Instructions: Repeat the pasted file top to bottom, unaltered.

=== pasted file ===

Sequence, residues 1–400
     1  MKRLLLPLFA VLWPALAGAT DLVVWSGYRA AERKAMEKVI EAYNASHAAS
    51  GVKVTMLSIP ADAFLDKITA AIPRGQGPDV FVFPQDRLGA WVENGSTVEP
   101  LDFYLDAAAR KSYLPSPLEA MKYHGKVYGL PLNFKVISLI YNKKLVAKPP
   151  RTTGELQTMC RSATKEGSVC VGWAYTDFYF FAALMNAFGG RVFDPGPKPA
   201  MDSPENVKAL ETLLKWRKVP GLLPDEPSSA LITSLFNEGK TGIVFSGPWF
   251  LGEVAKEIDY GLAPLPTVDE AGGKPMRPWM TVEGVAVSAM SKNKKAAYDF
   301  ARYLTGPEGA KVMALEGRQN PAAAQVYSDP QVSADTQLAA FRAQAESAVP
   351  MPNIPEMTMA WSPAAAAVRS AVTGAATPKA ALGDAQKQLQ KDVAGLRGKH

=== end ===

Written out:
Sequence, residues 1–400
     1  MKRLLLPLFA VLWPALAGAT DLVVWSGYRA AERKAMEKVI EAYNASHAAS
    51  GVKVTMLSIP ADAFLDKITA AIPRGQGPDV FVFPQDRLGA WVENGSTVEP
   101  LDFYLDAAAR KSYLPSPLEA MKYHGKVYGL PLNFKVISLI YNKKLVAKPP
   151  RTTGELQTMC RSATKEGSVC VGWAYTDFYF FAALMNAFGG RVFDPGPKPA
   201  MDSPENVKAL ETLLKWRKVP GLLPDEPSSA LITSLFNEGK TGIVFSGPWF
   251  LGEVAKEIDY GLAPLPTVDE AGGKPMRPWM TVEGVAVSAM SKNKKAAYDF
   301  ARYLTGPEGA KVMALEGRQN PAAAQVYSDP QVSADTQLAA FRAQAESAVP
   351  MPNIPEMTMA WSPAAAAVRS AVTGAATPKA ALGDAQKQLQ KDVAGLRGKH